Police and city team up for graffiti sweep


Police walked the Wedge neighborhood to raise awareness about city’s efforts to crack down on taggers

WEDGE – Minneapolis police officers combed six blocks in the heart of the neighborhood March 20, spreading the word to residents about the city’s graffiti-abatement efforts and offering free cleanup for the day.

Employees from the city’s Solid Waste and Recycling Services scoured the area’s fences, trash cans, light posts and buildings for graffiti, scrubbing anything they found and blasting it away with jets of hot water.

“I hope we can get the residents doing this,” said Solid Waste employee Darryl Maxwell, who had just finished spraying off graffiti “tags” on an alley fence in Lowry Hill East. “We’re in this neighborhood all the time.”

Because of its high number of reports, the area was made part of a six-month pilot project aimed at getting rid of graffiti through intense cleanup sweeps and community education. Minneapolis Police and Solid Waste and Recycling Services are working together on the project, which runs through late September.

The program includes blocks in the middle of Lowry Hill East and a section of Powderhorn Park. If the project is successful, it could be expanded to other parts of the city.

Susan Young, director of Solid Waste and Recycling Services, said the city spends more than $1 million on graffiti abatement each year. Law enforcement, inspections and cleanup crews are included in the cost, she said.

Between April and December of last year, more than 9,600 tags were reported, she said. The city estimates that roughly 400 taggers are out painting the city on a given night. It’s not easy to stay on top of that much vandalism, Young said.

“There is no way we can keep up with all those taggers,” Young said. “We need the community to help us out.”

She’s hopeful that the pilot project will get the community involved in cleaning up their neighborhoods when hit with graffiti.

“The very best defense is to make sure the person who put it up doesn’t see it the next afternoon,” she said.

Former private graffiti investigator Don Davis, who is responsible for numerous vandal convictions, said catching and prosecuting taggers is more effective than cleaning. He said graffiti should be erased, but cleaning won’t solve the problem because taggers do not paint over one another’s marks. He said wiping a wall clean creates a fresh canvas for whoever gets to it first.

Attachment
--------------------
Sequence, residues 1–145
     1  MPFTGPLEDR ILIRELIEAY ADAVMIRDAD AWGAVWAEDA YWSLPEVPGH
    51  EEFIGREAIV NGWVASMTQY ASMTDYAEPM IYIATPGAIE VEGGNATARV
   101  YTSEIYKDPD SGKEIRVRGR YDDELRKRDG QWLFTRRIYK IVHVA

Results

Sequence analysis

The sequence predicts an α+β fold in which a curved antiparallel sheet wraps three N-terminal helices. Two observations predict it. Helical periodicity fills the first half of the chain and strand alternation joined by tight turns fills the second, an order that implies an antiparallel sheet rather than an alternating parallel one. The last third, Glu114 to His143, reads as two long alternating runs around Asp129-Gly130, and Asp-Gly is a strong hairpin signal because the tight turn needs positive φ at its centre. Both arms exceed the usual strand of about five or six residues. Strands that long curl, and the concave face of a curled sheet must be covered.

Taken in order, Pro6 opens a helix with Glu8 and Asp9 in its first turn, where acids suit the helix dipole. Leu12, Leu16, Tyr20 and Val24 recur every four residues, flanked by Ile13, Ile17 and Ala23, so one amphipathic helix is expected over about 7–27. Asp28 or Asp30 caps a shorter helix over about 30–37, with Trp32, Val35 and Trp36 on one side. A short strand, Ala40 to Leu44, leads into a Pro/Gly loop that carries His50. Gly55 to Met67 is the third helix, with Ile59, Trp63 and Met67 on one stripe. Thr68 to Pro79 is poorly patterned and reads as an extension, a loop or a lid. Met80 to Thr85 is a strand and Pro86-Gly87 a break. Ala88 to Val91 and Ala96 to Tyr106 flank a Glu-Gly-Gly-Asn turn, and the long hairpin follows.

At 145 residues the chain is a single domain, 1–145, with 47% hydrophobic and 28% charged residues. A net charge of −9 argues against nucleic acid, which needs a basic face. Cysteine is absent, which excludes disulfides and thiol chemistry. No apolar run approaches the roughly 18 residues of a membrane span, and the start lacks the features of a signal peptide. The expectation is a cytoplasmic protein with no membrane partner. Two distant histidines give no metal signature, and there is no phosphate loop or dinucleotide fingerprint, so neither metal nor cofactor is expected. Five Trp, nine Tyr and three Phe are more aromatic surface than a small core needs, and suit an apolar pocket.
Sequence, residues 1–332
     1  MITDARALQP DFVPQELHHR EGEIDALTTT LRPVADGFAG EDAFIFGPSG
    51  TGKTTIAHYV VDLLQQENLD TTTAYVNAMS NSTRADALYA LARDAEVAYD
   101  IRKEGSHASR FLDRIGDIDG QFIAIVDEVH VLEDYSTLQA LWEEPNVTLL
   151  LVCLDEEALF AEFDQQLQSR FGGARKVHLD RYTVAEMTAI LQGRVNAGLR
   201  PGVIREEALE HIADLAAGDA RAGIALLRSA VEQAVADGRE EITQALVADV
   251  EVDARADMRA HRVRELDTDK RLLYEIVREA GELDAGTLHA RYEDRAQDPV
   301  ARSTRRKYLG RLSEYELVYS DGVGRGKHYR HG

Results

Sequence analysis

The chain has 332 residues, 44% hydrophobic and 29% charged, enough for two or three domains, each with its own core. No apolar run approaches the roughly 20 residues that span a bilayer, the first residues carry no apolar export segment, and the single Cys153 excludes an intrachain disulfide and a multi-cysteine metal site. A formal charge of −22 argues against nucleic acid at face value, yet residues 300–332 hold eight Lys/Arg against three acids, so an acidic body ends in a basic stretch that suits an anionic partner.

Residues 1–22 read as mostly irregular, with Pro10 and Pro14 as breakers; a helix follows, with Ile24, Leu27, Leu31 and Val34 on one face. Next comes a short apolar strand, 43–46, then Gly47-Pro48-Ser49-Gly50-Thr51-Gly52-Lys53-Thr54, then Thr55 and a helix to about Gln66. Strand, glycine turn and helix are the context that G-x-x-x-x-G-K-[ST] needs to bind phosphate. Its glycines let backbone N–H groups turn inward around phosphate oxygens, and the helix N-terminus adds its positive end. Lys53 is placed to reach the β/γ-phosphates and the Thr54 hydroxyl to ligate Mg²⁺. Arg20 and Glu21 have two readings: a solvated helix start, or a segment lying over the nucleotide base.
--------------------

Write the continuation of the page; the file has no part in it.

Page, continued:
Sgt. Giovanni Veliz, a graffiti investigator in the 5th Precinct, said prosecuting taggers is difficult because it requires an eyewitness and testimony. The two-to-three week court process is also discouraging, he said.

Veliz was in the Wedge neighborhood, knocking on doors and passing out graffiti-abatement information with 5th Precinct Sgt. Mike Heyer March 20.

Wedge resident Kevin Knudson, whose property had been hit with graffiti numerous times, was glad to see police and the city encouraging swift abatement but said he would like to see quicker graffiti removal on public structures. Knudson said he noticed recurring gang graffiti in the area.

“It seems to be important to them,” he said.

Insp. Kristine Arneson of the 5th Precinct said gang and other types of graffiti make communities feel unsafe.

“I personally hate graffiti,” she said. “I think it creates fear in neighborhoods, which creates a perception of crime happening.”

Lt. Marie Przynski of the 5th Precinct said she planned to organize a similar effort to the pilot program in hard-hit sections of Lyndale and Kingfield.

City Council Member Elizabeth Glidden (8th Ward) has scheduled a community graffiti cleanup event April 14 in her ward, which includes the Kingfield neighborhood. To get involved, call 612-276-7024.


Reach Jake Weyer at 612-436-4367 or [email protected].